By St. Nikodemos the Hagiorite
There is a disagreement among historians regarding Luke the Evangelist. Leo the Wise in his eothinon, and Christopher the Patrician in his iambic verses, and Theophanes the Graptos in his asmatic canon, and in the manuscript of the Synaxaristes, among others, reply that this divine Luke went to Jerusalem and saw Christ the Master alive, and he served Him. He was present at the miracles He performed. He was also at the Passion and the Resurrection. After the Resurrection he also conversed with Him and with Cleopas. He saw Him ascend into the heavens. He was also found worthy of the arrival of the Holy Spirit on the day of Pentecost. Chrysostom in his first discourse on Acts and his fourth homily on Matthew, as well as Theophylact of Bulgaria in his interpretation at the beginning of the Gospel of Luke the Evangelist, and the published Synaxaristes, as well as others, say that Luke was never an eyewitness and disciple of the Lord, nor did he ever see Him alive on earth. Rather, he was a disciple of the Apostle Paul, who he met and came to believe in Christ through at Thebes of Boeotia. This is confirmed by the words of Luke himself. At the beginning of his Gospel he testifies as follows: "...just as they were handed down to us by those who from the first were eyewitnesses and servants of the Word" (Lk. 1:2). This confirms that he did not see the Lord on earth.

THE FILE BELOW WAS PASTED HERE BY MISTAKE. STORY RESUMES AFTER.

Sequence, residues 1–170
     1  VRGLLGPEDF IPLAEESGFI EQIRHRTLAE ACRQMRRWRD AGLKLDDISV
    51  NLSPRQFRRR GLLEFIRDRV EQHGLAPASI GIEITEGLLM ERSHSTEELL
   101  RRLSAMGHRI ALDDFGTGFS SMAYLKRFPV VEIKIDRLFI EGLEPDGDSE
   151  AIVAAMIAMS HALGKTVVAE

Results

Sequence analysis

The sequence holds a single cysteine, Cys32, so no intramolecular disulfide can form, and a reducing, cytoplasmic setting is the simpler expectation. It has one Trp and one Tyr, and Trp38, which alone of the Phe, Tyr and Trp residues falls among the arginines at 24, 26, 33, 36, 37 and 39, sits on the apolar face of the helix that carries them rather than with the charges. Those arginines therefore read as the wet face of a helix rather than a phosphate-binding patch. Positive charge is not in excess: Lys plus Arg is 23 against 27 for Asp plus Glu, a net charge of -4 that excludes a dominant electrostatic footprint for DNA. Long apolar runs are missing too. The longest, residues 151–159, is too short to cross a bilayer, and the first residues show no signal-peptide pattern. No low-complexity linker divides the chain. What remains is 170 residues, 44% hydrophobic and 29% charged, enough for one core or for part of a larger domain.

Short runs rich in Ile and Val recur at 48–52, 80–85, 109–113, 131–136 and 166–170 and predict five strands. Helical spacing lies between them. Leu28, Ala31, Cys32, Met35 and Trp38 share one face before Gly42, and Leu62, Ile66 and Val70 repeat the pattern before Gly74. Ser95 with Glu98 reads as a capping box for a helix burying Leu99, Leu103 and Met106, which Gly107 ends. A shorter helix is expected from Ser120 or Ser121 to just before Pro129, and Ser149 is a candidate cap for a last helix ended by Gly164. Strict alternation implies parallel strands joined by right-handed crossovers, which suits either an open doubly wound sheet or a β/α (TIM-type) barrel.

Paul, the teacher of Luke, by seeing in person and hearing the Lord after the Resurrection, through his vision of the flash in the sky brighter than the sun, says however that he did not listen to the Lord, but he became an Apostle of the Lord from those who had listened and saw and heard Him, and they confirmed to him the common salvation of mankind. In his Epistle to the Hebrews he writes: "...how shall we escape if we neglect so great a salvation, which at the first began to be spoken by the Lord, and was confirmed to us by those who heard" (Heb. 2:3). How can it be considered that Luke the disciple of Paul saw and heard the Lord, as described? Therefore, Luke the Evangelist, in all that he wrote in his holy Gospel, received his information from Paul as well as the other Apostles, such as Peter and James and John, who had seen and heard the Lord. When did he receive this information from them? When he went with Paul to Jerusalem and he met the Apostles. He himself says: "And when we had come to Jerusalem, the brethren received us gladly. On the following day Paul went in with us to James, and all the presbyters were present" (Acts 21:17).
For these reasons we also follow the latter as being true and precise, and from this testimony of divine Scripture, we translated the Synaxarion, as it was in the published Synaxaristes. The newly-published Ekatontaeterida of Eugenios also agrees with the latter. There he says that the fellow traveler of Cleopas, according to Origen in his works on Jeremiah, John and Against Celsus, as well as Basil in his work on Isaiah chapter six, name Simon as the fellow traveler of Cleopas. Epiphanios, in his work on heresies chapter 23 number six, thought it was Nathanael. Although these are doubtful due to the silence of the Evangelist.
Translation by John Sanidopoulos.